Storm returns to Assynt

September 24th 2022

Storm returns to Assynt

October 2021 delivered some periods of heavy rain to Assynt causing lochs to fill rapidly and streams to become torrents.

During one of these events Angi Kneebone from Balchladich was convinced she could hear a light ‘squeaking’ coming from the stream that flows past her house. Two days later she discovered the source; a very young Otter was sheltering in the tall grasses at the edge of the stream. (photo 1. Angi Kneebone)

Angi enlisted the help of her partner, Mark. He held the animal cage, Angi wore big gauntlets, and before the otter knew what was happening it was in the cage. Some hissing ensued, apparently.

International Rescue

Contact was made with the International Otter Survival Fund (IOSF) who are based on the Isle of Skye and ‘Storm’ was safely taken into their care. Storm! – what else could they christen him, this tiny male otter?

The thinking was that the heavy rainfall and swollen water bodies had caused this young otter to become separated from its family group.

After almost 11 months of feeding, and growing on Skye it was time for Grace and Paul Yoxon at IOSF to arrange Storm’s release back to the wild. (photos 2.and 3. IOSF) They said later that Storm had been digging in his enclosure for several weeks so they knew he was ready to leave.

After a few conversations with Andy Summers, Senior Countryside Ranger with Highlife Highland a suitably remote and quiet Assynt location was decided upon.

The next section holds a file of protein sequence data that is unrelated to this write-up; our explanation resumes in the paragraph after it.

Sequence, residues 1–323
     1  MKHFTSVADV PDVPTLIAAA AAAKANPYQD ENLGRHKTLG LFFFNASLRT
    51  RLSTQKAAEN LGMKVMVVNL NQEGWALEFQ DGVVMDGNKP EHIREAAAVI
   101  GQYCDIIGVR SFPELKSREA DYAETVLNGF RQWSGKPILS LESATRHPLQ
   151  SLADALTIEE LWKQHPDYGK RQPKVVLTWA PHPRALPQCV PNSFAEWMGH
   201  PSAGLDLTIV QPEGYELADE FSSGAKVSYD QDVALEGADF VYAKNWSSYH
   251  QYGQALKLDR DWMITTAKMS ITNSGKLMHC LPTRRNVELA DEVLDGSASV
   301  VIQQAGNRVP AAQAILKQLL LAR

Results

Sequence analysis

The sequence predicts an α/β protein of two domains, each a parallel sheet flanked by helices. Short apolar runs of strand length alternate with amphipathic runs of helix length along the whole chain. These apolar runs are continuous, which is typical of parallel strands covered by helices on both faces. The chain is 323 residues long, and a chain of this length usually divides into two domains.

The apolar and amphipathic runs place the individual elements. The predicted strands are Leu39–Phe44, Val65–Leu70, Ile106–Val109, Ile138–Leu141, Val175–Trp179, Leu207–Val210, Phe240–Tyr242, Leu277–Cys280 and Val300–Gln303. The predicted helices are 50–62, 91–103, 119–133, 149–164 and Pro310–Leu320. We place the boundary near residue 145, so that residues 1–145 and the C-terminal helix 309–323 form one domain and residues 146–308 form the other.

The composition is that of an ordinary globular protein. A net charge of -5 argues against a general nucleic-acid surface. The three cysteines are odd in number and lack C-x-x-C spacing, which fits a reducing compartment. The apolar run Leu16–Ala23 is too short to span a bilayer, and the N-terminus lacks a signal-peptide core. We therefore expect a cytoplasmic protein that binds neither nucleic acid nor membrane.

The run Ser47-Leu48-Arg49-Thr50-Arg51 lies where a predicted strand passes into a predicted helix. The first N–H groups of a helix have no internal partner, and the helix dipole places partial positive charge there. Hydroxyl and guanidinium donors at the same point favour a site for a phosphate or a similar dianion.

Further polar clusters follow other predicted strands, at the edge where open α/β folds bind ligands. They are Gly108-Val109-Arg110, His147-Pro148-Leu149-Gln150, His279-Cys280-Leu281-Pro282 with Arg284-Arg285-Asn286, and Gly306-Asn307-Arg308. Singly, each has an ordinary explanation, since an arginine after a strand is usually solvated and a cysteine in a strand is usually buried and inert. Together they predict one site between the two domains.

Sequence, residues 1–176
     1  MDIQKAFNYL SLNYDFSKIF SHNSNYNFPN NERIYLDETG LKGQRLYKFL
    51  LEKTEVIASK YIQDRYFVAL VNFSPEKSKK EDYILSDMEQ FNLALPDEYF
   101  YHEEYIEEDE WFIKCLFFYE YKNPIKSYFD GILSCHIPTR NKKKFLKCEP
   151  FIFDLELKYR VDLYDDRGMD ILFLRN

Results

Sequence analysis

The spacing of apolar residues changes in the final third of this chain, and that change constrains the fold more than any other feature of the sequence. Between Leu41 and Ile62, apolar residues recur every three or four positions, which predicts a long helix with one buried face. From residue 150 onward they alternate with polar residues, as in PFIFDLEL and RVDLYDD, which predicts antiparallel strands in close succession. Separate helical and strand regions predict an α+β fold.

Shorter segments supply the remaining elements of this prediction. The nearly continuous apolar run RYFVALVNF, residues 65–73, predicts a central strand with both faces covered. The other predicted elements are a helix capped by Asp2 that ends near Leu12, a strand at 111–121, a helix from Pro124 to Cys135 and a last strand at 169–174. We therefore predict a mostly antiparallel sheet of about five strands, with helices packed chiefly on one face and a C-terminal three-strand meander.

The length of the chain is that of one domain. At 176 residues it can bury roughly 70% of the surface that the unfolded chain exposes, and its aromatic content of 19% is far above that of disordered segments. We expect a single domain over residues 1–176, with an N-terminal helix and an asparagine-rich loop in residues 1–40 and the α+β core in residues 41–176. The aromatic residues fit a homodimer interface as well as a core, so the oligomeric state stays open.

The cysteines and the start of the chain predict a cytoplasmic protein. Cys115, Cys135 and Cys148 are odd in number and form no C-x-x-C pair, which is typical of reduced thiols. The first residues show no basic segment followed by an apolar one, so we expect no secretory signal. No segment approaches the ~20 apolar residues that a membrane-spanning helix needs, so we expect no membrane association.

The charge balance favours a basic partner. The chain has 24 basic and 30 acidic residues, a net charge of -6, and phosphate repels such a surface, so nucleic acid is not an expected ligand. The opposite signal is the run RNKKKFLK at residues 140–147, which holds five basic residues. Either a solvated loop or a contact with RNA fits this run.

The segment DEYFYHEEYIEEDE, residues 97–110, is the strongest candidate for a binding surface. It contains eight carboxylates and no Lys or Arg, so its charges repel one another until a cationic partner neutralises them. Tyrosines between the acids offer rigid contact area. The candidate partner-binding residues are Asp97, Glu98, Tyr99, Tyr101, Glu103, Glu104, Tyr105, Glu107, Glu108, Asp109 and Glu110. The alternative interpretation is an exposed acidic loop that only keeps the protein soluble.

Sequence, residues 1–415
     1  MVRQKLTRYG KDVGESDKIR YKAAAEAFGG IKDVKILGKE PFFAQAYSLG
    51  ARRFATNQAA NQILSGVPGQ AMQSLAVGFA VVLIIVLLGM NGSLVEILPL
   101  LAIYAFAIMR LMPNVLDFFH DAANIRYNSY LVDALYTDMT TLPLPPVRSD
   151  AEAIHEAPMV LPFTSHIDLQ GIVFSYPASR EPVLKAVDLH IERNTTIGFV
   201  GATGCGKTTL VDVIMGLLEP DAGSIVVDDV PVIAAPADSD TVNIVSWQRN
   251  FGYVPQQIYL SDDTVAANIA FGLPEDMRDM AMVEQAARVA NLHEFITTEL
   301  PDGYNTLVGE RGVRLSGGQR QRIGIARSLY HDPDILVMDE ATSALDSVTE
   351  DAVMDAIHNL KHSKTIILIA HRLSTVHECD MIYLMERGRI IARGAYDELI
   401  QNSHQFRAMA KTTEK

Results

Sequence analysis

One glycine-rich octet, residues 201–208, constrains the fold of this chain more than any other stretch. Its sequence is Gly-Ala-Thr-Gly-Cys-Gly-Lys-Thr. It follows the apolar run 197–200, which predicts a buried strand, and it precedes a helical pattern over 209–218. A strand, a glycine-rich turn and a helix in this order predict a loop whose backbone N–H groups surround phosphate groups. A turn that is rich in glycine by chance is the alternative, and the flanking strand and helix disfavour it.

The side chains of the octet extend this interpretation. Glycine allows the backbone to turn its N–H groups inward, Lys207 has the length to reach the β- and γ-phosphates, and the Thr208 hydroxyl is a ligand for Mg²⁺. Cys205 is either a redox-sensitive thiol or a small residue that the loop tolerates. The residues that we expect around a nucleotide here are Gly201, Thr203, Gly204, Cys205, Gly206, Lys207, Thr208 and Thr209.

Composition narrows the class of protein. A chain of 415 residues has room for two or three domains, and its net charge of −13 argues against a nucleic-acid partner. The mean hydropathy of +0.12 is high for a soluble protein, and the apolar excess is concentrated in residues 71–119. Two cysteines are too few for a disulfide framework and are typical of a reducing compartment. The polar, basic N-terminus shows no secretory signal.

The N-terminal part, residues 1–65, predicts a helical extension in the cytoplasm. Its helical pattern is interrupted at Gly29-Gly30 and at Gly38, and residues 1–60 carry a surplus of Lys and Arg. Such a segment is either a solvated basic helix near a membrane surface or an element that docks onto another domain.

22nd September was the selected release date with Grace and Paul hoping to arrive at midday. The determining factor was how willing Storm would be to go into his crate for the journey. No problem, they all arrived at the agreed time.

Return to the Wild

A muddy walk to the release point and Storm, still in his crate, was placed at the water’s edge. The door was opened and everyone stood excitedly waiting for the moment Storm took to the water. We were still waiting 10 minutes later! (photos 4. and 5. Andy Summers)

In the end Paul had to slightly lift the crate to coax Storm out. Then, in an instant he was out of the crate and in the water. Suddenly he was freely swimming and foraging for food in the seaweed.

He surfaced a few times to check out his new surroundings, and without a doubt us too! Another dive and he next surfaced about 50m away still working the edge of the seaweed. (photos 6. to 11. David Haines)

So, Storm returns to Assynt and there is now no more that can be done for him. But, thanks to Angie and the IOSF he has at least been given a second chance.

We only have one species of Otter across Europe; the Eurasian Otter, Lutra lutra and its conservation status is ‘Near Threatened’ (IUCN 2014).

Assynt does have a reasonable number of Otters, however that doesn’t mean they are easy to spot. Otters are all around our coast and a good time to look for them is on a low but rising tide. They can search all the rock pools for fish etc. waiting on the tide to come back up.

For lots more information about the Eurasian Otter and other Otter species globally please check the IOSF website. They have a brilliant online shop and a simple donate/adopt an otter page too!


David Haines

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